However the above is based on the premise that the Japanese elites want a larger native pool of English speakers. My own opinion is that Japan is one lost war above North Korea. Just like North Korea, the Japanese elites want the narrative that they choose to give to be the only narrative the general Japanese populace receive. This is only possible, in the age internet, if the general populace remain monolingual in a language only spoken by a 100,000,000 people

-2 ( +3 / -5 )

unless the world starts interacting by e-mail alone,

That started a while ago.

Plus JT would do well to correct the lil mistakes therein

Oh yeah ! U rightin' like an ALT.

-2 ( +0 / -2 )

They have to learn both .. Japanese grammar and English grammar .. Use both in a sentence . Don't hire teachers that do not understand both languages cuz how can you teach a Japanese when you can't explain yourself in Japanese . How can you explain the usage of adjective , verb , noun , preposition if you don't speak their language . and understand their grammar,??? ll... not effective .. Not implement that well . Teachers just let students learn it from Remedial school. It's ok .. So that Nove , Minerva . school will survive .. Business as usual .. selling books . etc .

0 ( +0 / -0 )

pontananagomaJul. 23, 2012 - 09:54AM JST

They have to learn both .. Japanese grammar and English grammar .. Use both in a sentence . Don't hire teachers that do not understand both languages cuz how can you teach a Japanese when you can't explain yourself in Japanese

I think the idea that effective language learners make good second language presenters is one of the great false statements about foreign language teaching.

Nearly all the best language teachers I have met have been bad language learners themselves. I think this has a lot a to do with their empathy to relate the lowest common denominator and all else is gravy.

-3 ( +0 / -3 )

Never had an effective native language teacher. They didn't have to go through what foreign language learners are going, they don't understand the difficulties. Always best to choose a non-native as language teacher.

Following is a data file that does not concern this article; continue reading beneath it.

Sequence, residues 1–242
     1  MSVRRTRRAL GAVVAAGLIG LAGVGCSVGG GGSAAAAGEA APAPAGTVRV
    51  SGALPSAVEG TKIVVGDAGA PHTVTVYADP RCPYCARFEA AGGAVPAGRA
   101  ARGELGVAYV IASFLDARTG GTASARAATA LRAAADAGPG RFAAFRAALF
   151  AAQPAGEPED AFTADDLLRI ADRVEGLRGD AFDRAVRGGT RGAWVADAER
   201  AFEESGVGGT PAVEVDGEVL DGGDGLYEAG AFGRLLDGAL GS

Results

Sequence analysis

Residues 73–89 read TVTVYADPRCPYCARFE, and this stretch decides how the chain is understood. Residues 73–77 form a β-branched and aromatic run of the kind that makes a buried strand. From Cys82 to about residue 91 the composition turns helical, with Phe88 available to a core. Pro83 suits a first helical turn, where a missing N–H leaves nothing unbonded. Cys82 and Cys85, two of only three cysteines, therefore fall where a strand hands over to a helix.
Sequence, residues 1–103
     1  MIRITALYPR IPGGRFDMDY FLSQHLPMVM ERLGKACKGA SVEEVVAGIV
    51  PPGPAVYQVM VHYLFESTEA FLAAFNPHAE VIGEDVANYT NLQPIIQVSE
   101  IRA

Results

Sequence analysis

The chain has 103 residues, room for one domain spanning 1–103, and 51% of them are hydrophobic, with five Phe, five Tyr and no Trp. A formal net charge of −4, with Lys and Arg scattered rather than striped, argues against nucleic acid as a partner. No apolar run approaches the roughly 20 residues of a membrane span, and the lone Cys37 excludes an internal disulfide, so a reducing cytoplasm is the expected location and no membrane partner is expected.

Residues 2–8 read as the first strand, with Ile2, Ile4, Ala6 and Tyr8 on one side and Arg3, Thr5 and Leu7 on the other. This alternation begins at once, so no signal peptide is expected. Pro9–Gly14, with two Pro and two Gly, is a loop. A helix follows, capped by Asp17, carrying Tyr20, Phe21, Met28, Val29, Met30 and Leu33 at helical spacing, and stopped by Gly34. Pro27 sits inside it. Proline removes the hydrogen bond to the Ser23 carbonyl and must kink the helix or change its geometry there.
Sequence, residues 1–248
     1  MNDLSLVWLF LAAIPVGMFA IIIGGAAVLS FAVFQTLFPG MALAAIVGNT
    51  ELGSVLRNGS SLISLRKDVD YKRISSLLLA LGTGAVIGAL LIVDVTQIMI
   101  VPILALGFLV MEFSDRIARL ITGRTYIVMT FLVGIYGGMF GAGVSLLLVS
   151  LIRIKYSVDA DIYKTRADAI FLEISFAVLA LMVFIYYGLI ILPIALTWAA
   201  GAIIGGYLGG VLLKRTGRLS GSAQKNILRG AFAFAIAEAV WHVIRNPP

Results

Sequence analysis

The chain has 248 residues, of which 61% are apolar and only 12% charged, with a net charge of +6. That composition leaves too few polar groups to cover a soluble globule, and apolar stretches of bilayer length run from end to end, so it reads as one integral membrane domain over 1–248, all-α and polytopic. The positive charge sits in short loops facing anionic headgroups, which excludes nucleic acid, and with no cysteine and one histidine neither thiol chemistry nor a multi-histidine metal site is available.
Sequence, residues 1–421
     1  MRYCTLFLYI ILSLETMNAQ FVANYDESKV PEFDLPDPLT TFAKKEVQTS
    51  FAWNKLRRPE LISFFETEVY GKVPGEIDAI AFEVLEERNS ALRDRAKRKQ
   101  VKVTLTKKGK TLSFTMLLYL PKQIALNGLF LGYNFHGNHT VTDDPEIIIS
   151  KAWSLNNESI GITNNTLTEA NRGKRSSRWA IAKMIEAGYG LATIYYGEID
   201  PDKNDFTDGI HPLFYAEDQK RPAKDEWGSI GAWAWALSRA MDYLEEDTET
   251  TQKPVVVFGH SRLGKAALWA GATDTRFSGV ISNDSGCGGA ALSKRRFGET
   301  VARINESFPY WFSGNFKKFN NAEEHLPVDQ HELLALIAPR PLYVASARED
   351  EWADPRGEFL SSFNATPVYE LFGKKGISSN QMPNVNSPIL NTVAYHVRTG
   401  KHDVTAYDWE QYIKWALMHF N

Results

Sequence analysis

-3 ( +0 / -3 )

cleoJul. 22, 2012 - 07:27PM JST

...but I think they need to be able to understand a wide variety of standard and non-standard accents and dialects if they want to be able to use English in the big wide world.

Agree, but one is enough to learn in the classroom, don't you think? The rest they can learn as they use English in real-world settings like most native English speakers do. But when they learn 'The fundamentals', it would probably be easier for them to learn in one dialect or accent, whether it is British, American, or Australian English... as long as it's not Jengrish! (Japanese English, of course)

0 ( +0 / -0 )

You know, this program started in the 1890's! It's amazing we are just now getting a curriculi put together. Also why, do we not use the phrase "once again please" or "one more time please" more? Japanese seem to pick this phrase up pretty quick, even JHS,and HS students do. What, or even pardon, seem a bit abrasive to me. But tohis own style. i especially liked number 18, The english teacher is not good enough to teach. I got to tell you, brutal honesty only make you get better at the craft if you can embrace it. If someone saus something like that about you teaching, it about time to step your game. Peace.

0 ( +0 / -0 )

one is enough to learn in the classroom, don't you think? The rest they can learn as they use English in real-world settings like most native English speakers do.

No, not really. Sending people out into the world with what is basically a one-way-only language (they can speak, but not comprehend unless it's a very stylised 'fundamental' form of the language that, realistically, nobody speaks), is setting them up for frustration and the 'yappari, English is difficult, I give up' syndrome. Native English speakers don't learn just the fundamentals and then go on to tackle different dialects and accents once they're fluent: kids come into contact with a variety of different speech patterns from a very early age from the different people they meet on a daily basis, and pick up more from TV, etc. In the classroom, ideally students should be exposed to as wide a range of voices as possible; teachers from different parts of the world, audio and video featuring different speakers, etc., so that the students learn not to be fazed by slightly different pronunciation or speech patterns. As for the language the students themselves speak, I suppose a kind of neutral, not-too-obviously British/American/Australian accent would stand them in best stead.

0 ( +0 / -0 )

@Cleo:

I'm a Brit, so I'm happy when Japanese people speak British English (not often) and spell things properly (even less often)...

"Properly" according to whom?

-5 ( +0 / -5 )

Agree with Cleo exposure to multiple dialects is important. Had to play translator for my japanese colleagues who could only understand US english as we had Finnish, Indian, British customers.